How Does a Scissor Jack Work?by Steve Smith
A scissor jack is operated simply by turning a small crank that is inserted into one end of the scissor jack. This crank is usually "Z" shaped. The end fits into a ring hole mounted on the end of the screw, which is the object of force on the scissor jack. When this crank is turned, the screw turns, and this raises the jack. The screw acts like a gear mechanism. It has teeth (the screw thread), which turn and move the two arms, producing work. Just by turning this screw thread, the scissor jack can lift a vehicle that is several thousand pounds.
A scissor jack has four main pieces of metal and two base ends. The four metal pieces are all connected at the corners with a bolt that allows the corners to swivel. A screw thread runs across this assembly and through the corners. As the screw thread is turned, the jack arms travel across it and collapse or come together, forming a straight line when closed. Then, moving back the other way, they raise and come together. When opened, the four metal arms contract together, coming together at the middle, raising the jack. When closed, the arms spread back apart and the jack closes or flattens out again.
Design and Lift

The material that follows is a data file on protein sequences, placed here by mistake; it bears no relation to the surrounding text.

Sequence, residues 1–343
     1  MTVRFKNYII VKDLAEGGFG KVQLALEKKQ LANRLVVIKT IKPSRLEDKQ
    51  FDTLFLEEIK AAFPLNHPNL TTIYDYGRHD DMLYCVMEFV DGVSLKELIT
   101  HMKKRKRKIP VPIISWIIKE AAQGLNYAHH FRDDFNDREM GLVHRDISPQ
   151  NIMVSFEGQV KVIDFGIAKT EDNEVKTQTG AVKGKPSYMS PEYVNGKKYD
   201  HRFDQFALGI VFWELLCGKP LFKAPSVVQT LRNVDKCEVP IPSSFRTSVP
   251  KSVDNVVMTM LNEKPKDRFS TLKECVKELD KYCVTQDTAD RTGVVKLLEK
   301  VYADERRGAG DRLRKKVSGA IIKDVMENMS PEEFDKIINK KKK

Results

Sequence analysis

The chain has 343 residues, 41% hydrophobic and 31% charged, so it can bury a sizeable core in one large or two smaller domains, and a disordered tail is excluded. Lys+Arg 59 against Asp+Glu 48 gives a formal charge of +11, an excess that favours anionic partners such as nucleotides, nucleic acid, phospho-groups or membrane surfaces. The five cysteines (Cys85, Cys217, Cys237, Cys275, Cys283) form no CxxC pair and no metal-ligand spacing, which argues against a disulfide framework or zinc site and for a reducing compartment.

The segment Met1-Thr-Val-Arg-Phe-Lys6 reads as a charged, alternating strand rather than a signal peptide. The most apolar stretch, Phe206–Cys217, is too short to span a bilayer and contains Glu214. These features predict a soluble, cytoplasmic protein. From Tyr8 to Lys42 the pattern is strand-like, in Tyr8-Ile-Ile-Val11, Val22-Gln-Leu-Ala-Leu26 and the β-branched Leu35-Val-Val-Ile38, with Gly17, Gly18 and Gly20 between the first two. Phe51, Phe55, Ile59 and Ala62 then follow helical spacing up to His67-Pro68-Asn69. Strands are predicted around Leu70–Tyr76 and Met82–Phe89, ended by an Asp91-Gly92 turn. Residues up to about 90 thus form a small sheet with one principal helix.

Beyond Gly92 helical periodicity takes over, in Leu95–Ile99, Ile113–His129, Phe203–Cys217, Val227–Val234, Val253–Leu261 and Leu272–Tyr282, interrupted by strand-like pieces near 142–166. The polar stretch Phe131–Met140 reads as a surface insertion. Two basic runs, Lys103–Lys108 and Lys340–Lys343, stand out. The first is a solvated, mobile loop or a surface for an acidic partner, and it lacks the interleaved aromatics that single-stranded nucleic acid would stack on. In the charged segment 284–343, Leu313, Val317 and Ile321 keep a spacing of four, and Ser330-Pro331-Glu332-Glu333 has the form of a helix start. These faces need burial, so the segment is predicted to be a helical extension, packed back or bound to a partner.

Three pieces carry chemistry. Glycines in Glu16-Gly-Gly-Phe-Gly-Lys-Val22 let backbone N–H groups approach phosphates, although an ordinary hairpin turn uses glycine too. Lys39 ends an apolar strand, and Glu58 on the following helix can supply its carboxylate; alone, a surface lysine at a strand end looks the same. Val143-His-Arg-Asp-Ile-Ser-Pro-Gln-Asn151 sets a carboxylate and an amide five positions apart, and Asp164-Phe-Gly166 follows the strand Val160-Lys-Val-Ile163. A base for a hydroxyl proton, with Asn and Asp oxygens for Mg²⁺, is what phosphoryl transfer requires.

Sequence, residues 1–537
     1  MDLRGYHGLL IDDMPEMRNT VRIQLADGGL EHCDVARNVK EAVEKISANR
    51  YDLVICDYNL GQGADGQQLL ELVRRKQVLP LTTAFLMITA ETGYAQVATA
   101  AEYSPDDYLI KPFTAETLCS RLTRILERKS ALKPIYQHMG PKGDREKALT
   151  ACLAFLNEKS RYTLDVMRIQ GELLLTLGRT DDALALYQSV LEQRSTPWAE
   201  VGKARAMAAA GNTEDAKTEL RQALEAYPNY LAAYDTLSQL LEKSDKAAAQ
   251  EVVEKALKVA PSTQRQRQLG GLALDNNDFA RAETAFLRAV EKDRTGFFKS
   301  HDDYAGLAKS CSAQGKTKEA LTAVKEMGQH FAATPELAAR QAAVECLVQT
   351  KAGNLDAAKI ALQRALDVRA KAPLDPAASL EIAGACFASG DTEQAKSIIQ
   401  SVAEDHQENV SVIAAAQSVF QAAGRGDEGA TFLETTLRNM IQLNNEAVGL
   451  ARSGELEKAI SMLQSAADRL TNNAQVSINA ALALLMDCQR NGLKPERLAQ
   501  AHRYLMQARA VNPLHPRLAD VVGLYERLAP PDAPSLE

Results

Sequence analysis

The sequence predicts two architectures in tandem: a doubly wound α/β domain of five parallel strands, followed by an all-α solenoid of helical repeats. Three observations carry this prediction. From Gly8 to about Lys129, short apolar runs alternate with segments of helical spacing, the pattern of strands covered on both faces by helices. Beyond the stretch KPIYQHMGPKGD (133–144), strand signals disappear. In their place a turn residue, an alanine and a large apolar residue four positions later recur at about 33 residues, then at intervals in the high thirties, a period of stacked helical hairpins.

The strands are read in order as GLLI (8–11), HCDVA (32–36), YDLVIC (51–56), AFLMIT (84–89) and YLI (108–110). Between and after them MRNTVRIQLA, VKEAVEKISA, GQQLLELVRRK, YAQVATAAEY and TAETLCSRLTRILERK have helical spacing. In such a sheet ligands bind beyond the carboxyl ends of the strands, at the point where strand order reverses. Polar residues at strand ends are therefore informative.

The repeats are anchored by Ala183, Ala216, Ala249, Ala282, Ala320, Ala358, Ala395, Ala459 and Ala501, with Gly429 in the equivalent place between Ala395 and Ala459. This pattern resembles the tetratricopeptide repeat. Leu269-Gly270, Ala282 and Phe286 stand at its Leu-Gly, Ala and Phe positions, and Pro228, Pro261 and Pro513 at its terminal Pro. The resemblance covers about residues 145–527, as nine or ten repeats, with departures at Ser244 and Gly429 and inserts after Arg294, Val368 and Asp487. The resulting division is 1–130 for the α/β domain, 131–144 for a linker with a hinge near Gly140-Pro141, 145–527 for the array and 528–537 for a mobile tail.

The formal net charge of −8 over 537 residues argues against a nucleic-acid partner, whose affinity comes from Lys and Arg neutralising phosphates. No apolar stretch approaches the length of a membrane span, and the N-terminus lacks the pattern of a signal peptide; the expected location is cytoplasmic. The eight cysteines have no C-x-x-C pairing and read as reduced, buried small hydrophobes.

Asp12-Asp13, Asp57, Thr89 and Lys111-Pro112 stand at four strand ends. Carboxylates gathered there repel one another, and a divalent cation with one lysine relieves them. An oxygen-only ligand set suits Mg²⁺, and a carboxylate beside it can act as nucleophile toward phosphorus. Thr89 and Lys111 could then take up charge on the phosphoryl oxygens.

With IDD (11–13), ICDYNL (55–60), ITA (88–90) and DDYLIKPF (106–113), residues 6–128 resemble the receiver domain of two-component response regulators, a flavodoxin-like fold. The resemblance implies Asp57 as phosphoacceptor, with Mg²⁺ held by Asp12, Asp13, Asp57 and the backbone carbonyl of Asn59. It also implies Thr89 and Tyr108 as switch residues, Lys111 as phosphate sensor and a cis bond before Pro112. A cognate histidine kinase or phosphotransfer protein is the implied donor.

A scissor jack uses a simple theory of gears to get its power. As the screw section is turned, two ends of the jack move closer together. Because the gears of the screw are pushing up the arms, the amount of force being applied is multiplied. It takes a very small amount of force to turn the crank handle, yet that action causes the brace arms to slide across and together. As this happens the arms extend upward. The car's gravitational weight is not enough to prevent the jack from opening or to stop the screw from turning, since it is not applying force directly to it. If you were to put pressure directly on the crank, or lean your weight against the crank, the person would not be able to turn it, even though your weight is a small percentage of the car's.
Steve Smith has published articles on a wide range of topics including cars, travel, lifestyle, business, golf, weddings and careers. His articles, features and news stories have appeared in newspapers, consumer magazines and on various websites. Smith holds a Bachelor of Arts in English and journalism from University of New Hampshire Durham.